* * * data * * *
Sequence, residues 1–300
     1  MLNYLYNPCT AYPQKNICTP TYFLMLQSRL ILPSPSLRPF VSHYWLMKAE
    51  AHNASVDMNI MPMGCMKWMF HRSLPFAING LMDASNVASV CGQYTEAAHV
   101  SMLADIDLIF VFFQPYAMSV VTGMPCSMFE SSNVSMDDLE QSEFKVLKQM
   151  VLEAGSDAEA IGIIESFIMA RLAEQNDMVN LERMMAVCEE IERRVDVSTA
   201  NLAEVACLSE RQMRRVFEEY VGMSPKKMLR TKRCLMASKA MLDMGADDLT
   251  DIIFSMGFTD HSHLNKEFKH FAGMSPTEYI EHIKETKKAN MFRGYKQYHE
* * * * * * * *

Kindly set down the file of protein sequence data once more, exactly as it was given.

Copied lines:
Sequence, residues 1–300
     1  MLNYLYNPCT AYPQKNICTP TYFLMLQSRL ILPSPSLRPF VSHYWLMKAE
    51  AHNASVDMNI MPMGCMKWMF HRSLPFAING LMDASNVASV CGQYTEAAHV
   101  SMLADIDLIF VFFQPYAMSV VTGMPCSMFE SSNVSMDDLE QSEFKVLKQM
   151  VLEAGSDAEA IGIIESFIMA RLAEQNDMVN LERMMAVCEE IERRVDVSTA
   201  NLAEVACLSE RQMRRVFEEY VGMSPKKMLR TKRCLMASKA MLDMGADDLT
   251  DIIFSMGFTD HSHLNKEFKH FAGMSPTEYI EHIKETKKAN MFRGYKQYHE